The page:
Complements of the 32nd Steet Marine Red Line Brig in San Diego CA. ~ Sir! Prisoner #153 requests permission to talk to the cell block turn key Sir! Speak maggot! Sir! Prisoner # 153 requests permission to cross the red line Sir! Cross maggot! ......
~ We wanted to be transferred out of the Attack Squadron we were in (VA-112). My shipmate and I went AWOL. Two days later after the ship sailed off back to the Far East again we turned our selves in to the Grand Junction, Colorado Police. Three days later we were transferred to an Airforce Stockade in Denver Colorado. Seven days later we were flown to San Diego and put on restriction for 31 days prior to our Summary Court Martial. The result of the Court Martial Trial, was my shipmate was given a discharge under less than honorable conditions, and I was given a reduction in rate, a fine, and 15 days of hard labor at the 32nd Street Brig, a US Marine "red line" brig in San Diego CA.
The Brig was a very unusual ordeal to say the least. The discipline was like nothing I've experienced before or since. There were six rows of cells, two prisoners in each cell; except for row one and row six where there was only one. Row Six was when "stronger discipline" was needed. I was informed that when you were put there, in a dark cell, you went on bread and water for three days, and then because it was illegal to not go more than three days without food, you had a one day "restricted diet" (boiled cabbage and potatoes) and then back on bread and water for another three days until they 'broke you' down. We were also told they could do that to us indefinitely, and that since that was considered disciplinary time, it extended our enlistment if we stayed in the service. Row One was for declared homosexuals who were serving time prior to their mandatory discharge. When we marched by their cells we had to turn our backs to them and side step past. We were ordered to not look at them. I was prisoner number 153, my cell mate was prisoner number 136. Also "a Red Line Brig" meant that we would have to ask permission before crossing the red lines that were painted on the floor every where in the facility.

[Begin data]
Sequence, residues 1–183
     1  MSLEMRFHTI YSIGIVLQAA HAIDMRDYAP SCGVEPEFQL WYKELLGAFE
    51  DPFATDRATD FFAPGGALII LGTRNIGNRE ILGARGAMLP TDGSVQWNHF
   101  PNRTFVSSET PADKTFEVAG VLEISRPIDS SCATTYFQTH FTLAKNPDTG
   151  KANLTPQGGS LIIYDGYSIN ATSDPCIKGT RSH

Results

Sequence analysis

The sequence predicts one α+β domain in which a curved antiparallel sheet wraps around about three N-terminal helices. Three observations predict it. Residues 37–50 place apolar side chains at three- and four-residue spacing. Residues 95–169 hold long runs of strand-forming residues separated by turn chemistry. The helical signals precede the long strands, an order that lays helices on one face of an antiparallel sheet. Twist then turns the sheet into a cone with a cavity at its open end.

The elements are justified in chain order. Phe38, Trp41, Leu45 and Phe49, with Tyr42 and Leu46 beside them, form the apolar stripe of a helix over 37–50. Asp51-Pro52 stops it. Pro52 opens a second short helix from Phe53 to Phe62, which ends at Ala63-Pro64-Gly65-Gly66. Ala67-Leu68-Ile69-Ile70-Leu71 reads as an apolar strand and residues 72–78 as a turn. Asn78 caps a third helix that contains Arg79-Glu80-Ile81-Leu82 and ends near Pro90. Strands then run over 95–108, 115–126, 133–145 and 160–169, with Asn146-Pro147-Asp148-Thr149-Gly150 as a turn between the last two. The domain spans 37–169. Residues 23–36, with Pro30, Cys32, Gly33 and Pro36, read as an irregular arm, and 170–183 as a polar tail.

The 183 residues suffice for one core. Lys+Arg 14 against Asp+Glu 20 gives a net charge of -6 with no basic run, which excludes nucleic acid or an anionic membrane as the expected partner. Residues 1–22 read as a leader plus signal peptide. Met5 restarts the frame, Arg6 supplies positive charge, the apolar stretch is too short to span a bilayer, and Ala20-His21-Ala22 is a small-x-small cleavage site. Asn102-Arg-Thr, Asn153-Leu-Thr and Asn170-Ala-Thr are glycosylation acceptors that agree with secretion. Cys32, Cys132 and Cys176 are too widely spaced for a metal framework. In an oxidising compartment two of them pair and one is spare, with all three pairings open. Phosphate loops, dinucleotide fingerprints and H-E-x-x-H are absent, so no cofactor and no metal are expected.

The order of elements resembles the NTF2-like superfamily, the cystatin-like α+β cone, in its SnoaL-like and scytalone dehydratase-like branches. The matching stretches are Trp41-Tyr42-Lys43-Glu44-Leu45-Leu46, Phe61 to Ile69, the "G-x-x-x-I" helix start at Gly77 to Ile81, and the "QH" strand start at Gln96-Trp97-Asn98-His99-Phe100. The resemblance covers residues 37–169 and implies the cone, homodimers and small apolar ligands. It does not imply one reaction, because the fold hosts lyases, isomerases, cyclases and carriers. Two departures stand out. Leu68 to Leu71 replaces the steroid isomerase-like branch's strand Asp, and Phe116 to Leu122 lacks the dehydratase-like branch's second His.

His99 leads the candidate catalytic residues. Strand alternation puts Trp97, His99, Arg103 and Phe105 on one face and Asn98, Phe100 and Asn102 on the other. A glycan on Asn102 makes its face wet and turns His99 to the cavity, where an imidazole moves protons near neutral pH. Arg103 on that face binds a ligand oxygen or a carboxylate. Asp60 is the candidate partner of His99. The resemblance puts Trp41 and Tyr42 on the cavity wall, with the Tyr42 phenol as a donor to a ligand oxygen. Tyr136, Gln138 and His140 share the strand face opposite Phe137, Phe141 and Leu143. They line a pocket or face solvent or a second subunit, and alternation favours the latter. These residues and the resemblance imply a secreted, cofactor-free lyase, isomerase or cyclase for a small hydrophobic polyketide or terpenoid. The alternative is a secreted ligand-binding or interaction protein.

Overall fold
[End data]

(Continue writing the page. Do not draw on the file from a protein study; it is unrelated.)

After being imprisoned, in orientation, we was informed of Brig protocol. I was told to start and end every communication with staff with Sir! example - Sir! 'Prisoner number 153 requests permission to speak, Sir!' I was also told that I would not leave that facility; that my sentence would be extended, unless and until I did as ordered. That they could legally keep me there for a year by adding to my sentence at a disciplinary hearing. And, that I was under their command. For the first three days, while confined to our cells, they rang loud bells all day and night. One bell meant we were to snap to attention! Two bells was parade rest! Three bells was at ease! They rang these bells all day long one after the other. Guards walked up and down past the rows of cells, and walked on top looking down thru the open cage as well, to see if we were not standing at attention facing our cell doors or doing as ordered. One of the punishments if they even caught you moving a finger while at attention, was to order you to take two steps back from the bars we were facing and lean forward with just your forehead touching the bars and not to move! This painful maneuver often would end in the physical collapse of the prisoner. There is much more but I will end this here by saying I was bloodied once while there in another circumstance, and my cell mate, prisoner number 136 ( I never even learned his name), lost it as they say and was straight jacketed, then beaten and taken away. I never saw him again.